[Elective] Design for Behavioural Change (Persuasive Technology)

Sparkle

 

Persuasive design helping overthinkers to change bad sleeping habits

 

Getting a sufficient amount of sleep is of utmost importance for human well-being. It increases our performance and makes us happier, energized and healthier. However, in this modern world, the scope of problems in regards to sleep hygiene is increasing. There are numerous factors in the literature that affect the sleeping behaviour of an individual. Sleep and wake times are often determined by external factors that competed with healthy sleep habits. In the design process described in this paper, we report our attempt of designing a persuasive technology that change the behaviour of an individual that is struggling with a bad sleep hygiene. In the design process we utilized multiple models and theories such as the Elaboration Likelihood Model (ELM), {Theory of Planned Behaviour (TPB), and Cialdini’s Six Principles of Persuasion to make an analysis of hypothetical performed behaviour in our design case.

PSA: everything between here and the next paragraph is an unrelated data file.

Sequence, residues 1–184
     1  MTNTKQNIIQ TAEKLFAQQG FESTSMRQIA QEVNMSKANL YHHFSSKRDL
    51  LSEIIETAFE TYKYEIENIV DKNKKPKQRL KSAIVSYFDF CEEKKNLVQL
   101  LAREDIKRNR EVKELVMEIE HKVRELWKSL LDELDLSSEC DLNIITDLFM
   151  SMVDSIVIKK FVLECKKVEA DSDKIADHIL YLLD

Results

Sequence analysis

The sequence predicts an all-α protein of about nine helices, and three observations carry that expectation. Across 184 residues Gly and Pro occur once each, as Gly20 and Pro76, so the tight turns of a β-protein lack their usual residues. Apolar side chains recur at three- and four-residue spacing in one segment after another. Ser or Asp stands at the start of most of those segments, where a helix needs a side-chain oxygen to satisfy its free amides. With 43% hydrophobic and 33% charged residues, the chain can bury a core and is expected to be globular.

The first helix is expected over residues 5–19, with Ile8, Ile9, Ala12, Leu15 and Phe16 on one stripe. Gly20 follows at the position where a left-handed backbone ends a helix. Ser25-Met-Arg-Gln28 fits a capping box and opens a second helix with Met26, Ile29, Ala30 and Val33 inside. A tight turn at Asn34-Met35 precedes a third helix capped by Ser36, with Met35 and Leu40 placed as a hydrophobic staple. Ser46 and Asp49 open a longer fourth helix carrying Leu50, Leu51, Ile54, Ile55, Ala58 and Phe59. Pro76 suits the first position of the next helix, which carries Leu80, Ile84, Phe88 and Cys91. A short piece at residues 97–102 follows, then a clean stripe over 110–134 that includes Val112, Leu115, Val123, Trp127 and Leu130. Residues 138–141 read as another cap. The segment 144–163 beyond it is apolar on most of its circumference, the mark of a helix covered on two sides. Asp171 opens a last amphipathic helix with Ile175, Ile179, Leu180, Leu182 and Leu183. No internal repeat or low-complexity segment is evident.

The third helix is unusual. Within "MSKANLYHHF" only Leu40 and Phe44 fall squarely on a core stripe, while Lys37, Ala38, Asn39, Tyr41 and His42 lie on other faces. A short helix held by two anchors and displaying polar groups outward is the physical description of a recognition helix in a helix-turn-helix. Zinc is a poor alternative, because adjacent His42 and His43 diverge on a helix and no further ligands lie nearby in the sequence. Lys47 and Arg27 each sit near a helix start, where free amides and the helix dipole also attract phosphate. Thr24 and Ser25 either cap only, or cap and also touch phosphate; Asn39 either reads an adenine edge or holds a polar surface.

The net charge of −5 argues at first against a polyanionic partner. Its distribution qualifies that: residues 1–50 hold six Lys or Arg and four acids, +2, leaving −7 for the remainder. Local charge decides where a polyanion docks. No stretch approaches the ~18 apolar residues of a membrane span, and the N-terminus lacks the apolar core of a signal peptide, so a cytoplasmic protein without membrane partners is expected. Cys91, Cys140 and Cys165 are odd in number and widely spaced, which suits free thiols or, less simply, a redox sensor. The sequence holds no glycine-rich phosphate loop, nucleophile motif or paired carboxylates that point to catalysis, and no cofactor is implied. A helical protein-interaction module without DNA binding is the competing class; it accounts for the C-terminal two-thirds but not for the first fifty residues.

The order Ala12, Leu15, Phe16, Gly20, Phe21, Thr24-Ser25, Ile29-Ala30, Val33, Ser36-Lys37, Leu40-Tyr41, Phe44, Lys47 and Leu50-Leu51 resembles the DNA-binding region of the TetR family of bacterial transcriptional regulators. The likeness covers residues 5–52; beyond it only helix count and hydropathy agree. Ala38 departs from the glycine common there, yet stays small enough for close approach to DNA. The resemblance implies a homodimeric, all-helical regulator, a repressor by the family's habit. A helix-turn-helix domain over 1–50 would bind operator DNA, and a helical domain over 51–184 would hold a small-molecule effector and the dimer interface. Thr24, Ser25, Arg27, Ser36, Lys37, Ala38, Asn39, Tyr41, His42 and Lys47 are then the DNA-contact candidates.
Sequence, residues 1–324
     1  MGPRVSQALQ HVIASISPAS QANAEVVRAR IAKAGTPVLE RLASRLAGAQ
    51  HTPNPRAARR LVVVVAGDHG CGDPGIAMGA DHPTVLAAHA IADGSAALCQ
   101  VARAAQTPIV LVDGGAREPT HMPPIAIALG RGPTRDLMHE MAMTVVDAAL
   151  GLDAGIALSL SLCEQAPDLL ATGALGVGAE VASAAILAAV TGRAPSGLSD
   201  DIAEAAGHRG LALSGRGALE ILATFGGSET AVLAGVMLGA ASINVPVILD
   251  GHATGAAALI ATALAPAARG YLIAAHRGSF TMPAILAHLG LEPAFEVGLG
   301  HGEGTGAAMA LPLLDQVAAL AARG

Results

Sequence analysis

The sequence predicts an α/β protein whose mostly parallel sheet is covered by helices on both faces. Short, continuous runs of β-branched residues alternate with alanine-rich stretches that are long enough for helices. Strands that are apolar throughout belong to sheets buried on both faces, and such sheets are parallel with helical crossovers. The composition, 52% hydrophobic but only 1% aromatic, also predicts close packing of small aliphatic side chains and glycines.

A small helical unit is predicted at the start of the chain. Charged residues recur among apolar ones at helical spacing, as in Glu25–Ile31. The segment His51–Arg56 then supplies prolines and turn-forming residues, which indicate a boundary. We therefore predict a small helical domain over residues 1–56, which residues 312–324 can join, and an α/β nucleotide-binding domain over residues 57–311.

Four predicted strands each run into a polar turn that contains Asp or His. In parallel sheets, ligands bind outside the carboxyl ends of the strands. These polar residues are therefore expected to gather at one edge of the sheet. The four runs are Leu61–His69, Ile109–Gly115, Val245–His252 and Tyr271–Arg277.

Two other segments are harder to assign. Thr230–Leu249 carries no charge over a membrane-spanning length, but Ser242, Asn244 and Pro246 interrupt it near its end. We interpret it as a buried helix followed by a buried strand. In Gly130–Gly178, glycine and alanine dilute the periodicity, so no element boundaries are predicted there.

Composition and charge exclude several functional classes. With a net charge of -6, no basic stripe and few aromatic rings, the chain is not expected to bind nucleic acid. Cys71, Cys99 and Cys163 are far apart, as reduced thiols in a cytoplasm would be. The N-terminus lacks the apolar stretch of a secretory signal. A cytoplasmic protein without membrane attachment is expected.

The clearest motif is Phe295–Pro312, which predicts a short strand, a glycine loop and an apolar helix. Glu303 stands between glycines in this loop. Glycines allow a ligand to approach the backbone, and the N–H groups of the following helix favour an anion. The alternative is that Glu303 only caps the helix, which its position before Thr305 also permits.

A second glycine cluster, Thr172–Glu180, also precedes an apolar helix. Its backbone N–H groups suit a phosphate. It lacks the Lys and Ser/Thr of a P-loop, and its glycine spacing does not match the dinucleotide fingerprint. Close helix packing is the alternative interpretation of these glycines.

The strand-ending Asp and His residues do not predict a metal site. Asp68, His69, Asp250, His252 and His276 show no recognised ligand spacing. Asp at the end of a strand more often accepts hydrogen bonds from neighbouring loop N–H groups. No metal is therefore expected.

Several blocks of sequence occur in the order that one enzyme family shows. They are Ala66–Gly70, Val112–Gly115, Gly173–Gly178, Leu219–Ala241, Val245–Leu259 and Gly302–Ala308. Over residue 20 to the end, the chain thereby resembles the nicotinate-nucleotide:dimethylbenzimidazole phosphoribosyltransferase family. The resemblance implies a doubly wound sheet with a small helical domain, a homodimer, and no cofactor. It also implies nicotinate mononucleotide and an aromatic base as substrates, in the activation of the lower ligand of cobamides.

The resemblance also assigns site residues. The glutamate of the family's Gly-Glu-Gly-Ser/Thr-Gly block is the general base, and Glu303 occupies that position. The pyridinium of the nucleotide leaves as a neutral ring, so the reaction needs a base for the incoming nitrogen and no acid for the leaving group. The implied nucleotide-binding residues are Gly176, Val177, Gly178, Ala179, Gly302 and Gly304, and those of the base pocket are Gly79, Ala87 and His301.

The basic idea of Sparkle, was to let people tell others about their worries anonymously, and in that way let their worries be heard. It worked by letting people hold down a big button, to record a message that would then be anonymously shared in the Sparkle community. Before recording, the button kept a neutral white, which turned warmer and warmer the later in the night it got. While recording the button would pulsate red, to let the user know what was happening. After recording, another user would have the possibility of listening to the recording and when the user is done listening, the button would flash yellow for a moment, to let the recorder know that his or her problem was heard. This concept was in part inspired by the ‘Reciprocation’, ‘Social Proof’ and ‘Provoke Empathy’ cards, from the Design with Intent Cards by Lockton.

 

 

 

[1] Petty, Richard E., and John T. Cacioppo. “The elaboration likelihood model of persuasion.” Communication and persuasion. Springer New York, 1986. 1-24.

 

 

[2] Ajzen, Icek. “The theory of planned behavior.” Organizational behavior and human decision processes 50.2 (1991): 179-211.

 

Collaborators

  • Jens Ager Sørensen
  • Josephine Thomsen